I want to acknowledge one individual who recently announced that she is retiring, Erika Schlager, after 34 years of service to the Commission and to the global community. Erika received her bachelor’s degree from the University of North Carolina in Greensboro, where she graduated magna cum laude and was elected to Phi Beta Kappa. She earned her A.M. degree from Harvard University in Soviet Union studies and her juris doctor degree with honors from the George Washington University Law School. She studied at Warsaw University as a Fulbright fellow and received a diploma from the International Institute of Human Rights in Strasbourg, France. Quite a record. She used that academic preparation to make a difference in the world—and what a difference she made. Erika has been an unfailing professional in her dedication to doing whatever is necessary to ensure that the commission meets its mandate and defends human rights abroad. Her deep expertise, which she has honed over decades of work, is renowned both among policy professionals in the United States and in the countries of Central Europe that she followed for the commission. Erika is one of our nation’s top experts on Europe’s most vulnerable communities. She is a leading voice on Roma rights—Europe’s largest minority, with significant populations also in the United States. I have joined Erika in the crusade to speak up for the Roma population, a group that has been denied citizenship in so much of Europe. What a difference she has made in their lives. Erika has worked with Members of Congress, the Department of State and the Organization for Security and Cooperation in Europe (OSCE) to address issues ranging from the enslavement and sterilization of Roma to a permanent memorial in Berlin dedicated to the Sinti and Roma victims of the Nazi regime, to annual recognition of International Roma Day. She has brought to my attention the candidacy of Ethel Brooks to be the first Roma board member of the U.S. Holocaust Memorial Museum. I know that Erika will continue to bring Roma perspective and history on the Holocaust to further the tolerance, education, and human rights work of the museum. I have the honor of representing the Senate on the Holocaust Memorial Museum board, and I can tell you that Erika is so deeply respected by the professionals at that museum for the work she has done in furthering the goal of that institution to prevent atrocities against any groups of people. Erika has long been one of my top advisers on the Holocaust restitution and Europe’s Jewish community. She has worked closely with me over the years to raise concerns about the rise of Holocaust revisionism in countries like Hungary and Poland; to foster implementation of the Terezin Declaration on Holocaust Era Assets measures to right the economic wrongs that accompanied the Holocaust; and to hold accountable a French railway that transported thousands of Holocaust victims to their deaths. She worked on all of these issues and made significant progress. Erika has been instrumental in ensuring that the Helsinki Commission works to hold the United States accountable for our own human rights record, examining U.S. policies and conduct concerning Guantanamo Bay detention camps and U.S. policy regarding torture. Erika’s counsel greatly assisted me in my role as the Parliamentary Assembly of the OSCE’s Special Representative on Anti-Semitism, Racism, and Intolerance, where I was focused on human rights and justice here at home and across the expanse of the 57 participating States of the OSCE. From the plight of African Americans and Muslims to migrants and refugees, Erika has been integral to the Helsinki Commission’s mandate of upholding the myriad of human rights commitments defined in the Helsinki Final Act and subsequent OSCE agreements. In addition to her many professional milestones and achievements, Erika retires from the commission having left a deeply personal mark on those she worked with, from diplomats and civil servants to the staff of the Helsinki Commission. She is a natural teacher with a gift of taking a complex issue and distilling it in a way that makes it both relevant and accessible. Erika has taught our diplomats at the Foreign Service Institute and spoken at international meetings and at universities across the nation and around the world. She displayed her exceptional teaching ability at the Department of State’s annual training program on Roma rights, and she has ensured that Roma civil society groups could also participate. She has actively sought out dialogue and collaboration with new colleagues to help deepen their understanding of the Helsinki Commission’s role, of the challenges the commission could usefully seek to address abroad, and of the unique tools at its disposal to do just that. Erika is always quick to ask about a colleague’s well-being or inquire after a family member’s well-being. She has fostered collegiality among the Commission’s staff through her unfailing kindness and good nature. In so doing, she has repeatedly demonstrated how deeply she cares, not just for the work she has dedicated her career to, but also for the people whose great privilege it is to call her a colleague and a friend. I will say on a personal basis that I have benefited so much from her friendship, from her understanding, from her strategic thinking, from where we can make a difference. We know there are a lot of problems around the world. We know we can’t settle all the issues. But Erika helped us focus on areas where we can make a difference, and thanks to her input, we have made a difference. I know I speak on behalf of all Helsinki Commission members and staff and scores of other individuals—many who may not know her name—and groups concerned about advancing human rights around the globe and here at home when I say how we will miss Erika. Henry David Thoreau said: ‘‘Aim above morality. Be not simply good; be good for something.’’ Erika has embodied that maxim in her professional career and in her life. She has made an enormous difference, and she will continue to do so. I wish her all the best with respect to her future endeavors. I know we will continue to hear from her. Thank you, Erika, for the way you served the commission, our country, and the global community.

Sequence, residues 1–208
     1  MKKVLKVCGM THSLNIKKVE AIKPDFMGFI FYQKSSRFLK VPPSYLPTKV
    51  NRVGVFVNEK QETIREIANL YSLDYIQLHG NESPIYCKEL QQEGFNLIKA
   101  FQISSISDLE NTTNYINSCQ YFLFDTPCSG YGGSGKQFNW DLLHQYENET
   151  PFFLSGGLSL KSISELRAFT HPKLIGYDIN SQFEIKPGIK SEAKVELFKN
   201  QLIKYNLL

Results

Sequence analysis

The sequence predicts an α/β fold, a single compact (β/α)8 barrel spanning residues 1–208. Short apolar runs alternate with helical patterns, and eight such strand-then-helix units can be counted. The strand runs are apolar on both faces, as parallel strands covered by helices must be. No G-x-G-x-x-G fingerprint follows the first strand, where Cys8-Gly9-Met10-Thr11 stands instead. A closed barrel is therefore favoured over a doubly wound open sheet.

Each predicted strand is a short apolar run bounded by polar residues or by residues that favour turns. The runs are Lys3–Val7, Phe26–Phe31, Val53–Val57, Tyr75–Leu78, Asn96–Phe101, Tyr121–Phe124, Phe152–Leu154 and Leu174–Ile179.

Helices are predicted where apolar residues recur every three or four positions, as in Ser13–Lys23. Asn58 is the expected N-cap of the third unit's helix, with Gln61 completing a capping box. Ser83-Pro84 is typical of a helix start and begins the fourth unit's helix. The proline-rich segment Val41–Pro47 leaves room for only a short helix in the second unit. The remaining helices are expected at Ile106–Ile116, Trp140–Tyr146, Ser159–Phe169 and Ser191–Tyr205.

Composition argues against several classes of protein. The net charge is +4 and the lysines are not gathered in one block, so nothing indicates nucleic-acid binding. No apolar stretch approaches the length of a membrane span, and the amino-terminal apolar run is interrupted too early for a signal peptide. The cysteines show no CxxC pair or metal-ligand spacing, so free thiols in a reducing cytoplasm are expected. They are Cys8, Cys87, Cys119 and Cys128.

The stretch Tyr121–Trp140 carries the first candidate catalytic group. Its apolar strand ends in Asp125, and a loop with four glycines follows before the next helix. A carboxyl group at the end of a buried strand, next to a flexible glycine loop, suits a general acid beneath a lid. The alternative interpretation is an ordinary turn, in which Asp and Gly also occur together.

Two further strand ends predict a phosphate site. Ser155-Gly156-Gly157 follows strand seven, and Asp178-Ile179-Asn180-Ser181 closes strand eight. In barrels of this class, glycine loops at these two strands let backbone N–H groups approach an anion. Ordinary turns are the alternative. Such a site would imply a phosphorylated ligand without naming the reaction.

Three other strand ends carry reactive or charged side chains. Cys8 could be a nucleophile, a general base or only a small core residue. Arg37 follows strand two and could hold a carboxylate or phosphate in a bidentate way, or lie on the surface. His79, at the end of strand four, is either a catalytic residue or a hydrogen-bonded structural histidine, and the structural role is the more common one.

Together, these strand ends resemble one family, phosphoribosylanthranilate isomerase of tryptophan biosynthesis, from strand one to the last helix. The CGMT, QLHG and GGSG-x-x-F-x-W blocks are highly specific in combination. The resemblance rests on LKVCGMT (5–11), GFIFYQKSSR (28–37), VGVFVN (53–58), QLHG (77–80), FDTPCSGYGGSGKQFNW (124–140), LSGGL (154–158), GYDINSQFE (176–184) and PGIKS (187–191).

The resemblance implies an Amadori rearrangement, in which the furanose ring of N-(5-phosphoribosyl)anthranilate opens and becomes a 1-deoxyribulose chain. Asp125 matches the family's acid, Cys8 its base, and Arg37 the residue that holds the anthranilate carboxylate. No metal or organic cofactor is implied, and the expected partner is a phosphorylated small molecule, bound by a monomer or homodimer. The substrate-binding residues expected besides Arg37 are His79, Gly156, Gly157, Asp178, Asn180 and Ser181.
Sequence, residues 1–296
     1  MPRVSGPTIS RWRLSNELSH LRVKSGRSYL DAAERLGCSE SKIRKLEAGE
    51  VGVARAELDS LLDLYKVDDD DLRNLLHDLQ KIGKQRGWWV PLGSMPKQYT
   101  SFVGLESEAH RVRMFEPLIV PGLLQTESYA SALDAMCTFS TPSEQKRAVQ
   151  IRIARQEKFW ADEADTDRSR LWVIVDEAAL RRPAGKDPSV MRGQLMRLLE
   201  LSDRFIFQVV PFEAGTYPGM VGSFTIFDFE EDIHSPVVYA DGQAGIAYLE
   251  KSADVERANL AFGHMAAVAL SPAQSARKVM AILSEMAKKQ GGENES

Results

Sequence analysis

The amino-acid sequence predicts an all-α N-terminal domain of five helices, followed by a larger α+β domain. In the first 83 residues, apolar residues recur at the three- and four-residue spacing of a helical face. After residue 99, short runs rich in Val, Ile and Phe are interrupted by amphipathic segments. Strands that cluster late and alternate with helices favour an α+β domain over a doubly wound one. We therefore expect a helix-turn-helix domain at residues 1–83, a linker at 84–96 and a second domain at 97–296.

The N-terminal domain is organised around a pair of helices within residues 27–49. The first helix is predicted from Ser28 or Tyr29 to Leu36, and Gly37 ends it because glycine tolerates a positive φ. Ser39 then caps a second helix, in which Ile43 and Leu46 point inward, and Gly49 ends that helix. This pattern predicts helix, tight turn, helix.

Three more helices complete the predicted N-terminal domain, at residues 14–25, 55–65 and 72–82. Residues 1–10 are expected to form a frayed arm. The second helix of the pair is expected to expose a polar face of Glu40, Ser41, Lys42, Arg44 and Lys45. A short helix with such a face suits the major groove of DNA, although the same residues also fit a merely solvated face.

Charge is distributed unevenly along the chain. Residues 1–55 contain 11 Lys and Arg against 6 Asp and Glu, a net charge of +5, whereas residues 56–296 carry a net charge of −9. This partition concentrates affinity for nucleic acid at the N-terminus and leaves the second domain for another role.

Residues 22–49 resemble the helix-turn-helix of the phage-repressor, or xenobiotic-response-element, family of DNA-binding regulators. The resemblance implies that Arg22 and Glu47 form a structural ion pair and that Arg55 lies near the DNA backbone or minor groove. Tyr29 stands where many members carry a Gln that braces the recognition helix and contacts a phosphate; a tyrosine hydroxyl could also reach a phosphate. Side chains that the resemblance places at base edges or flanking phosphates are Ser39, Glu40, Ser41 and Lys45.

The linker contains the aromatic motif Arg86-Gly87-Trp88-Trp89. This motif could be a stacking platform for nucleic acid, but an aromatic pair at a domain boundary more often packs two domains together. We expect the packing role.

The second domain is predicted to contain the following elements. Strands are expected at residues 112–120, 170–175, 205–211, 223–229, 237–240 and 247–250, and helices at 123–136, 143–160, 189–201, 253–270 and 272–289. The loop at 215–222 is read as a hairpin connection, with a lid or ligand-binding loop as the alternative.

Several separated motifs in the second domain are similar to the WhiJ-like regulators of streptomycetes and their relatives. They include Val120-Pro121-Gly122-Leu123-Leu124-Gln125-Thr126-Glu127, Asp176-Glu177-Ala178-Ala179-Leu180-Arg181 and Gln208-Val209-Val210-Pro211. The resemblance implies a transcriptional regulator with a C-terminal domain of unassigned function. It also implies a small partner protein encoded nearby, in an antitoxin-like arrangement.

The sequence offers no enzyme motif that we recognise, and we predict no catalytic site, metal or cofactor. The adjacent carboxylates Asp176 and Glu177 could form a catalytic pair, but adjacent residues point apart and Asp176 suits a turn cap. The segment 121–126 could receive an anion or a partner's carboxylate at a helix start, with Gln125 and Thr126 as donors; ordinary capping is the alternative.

• Sweden's Leadership of the OSCE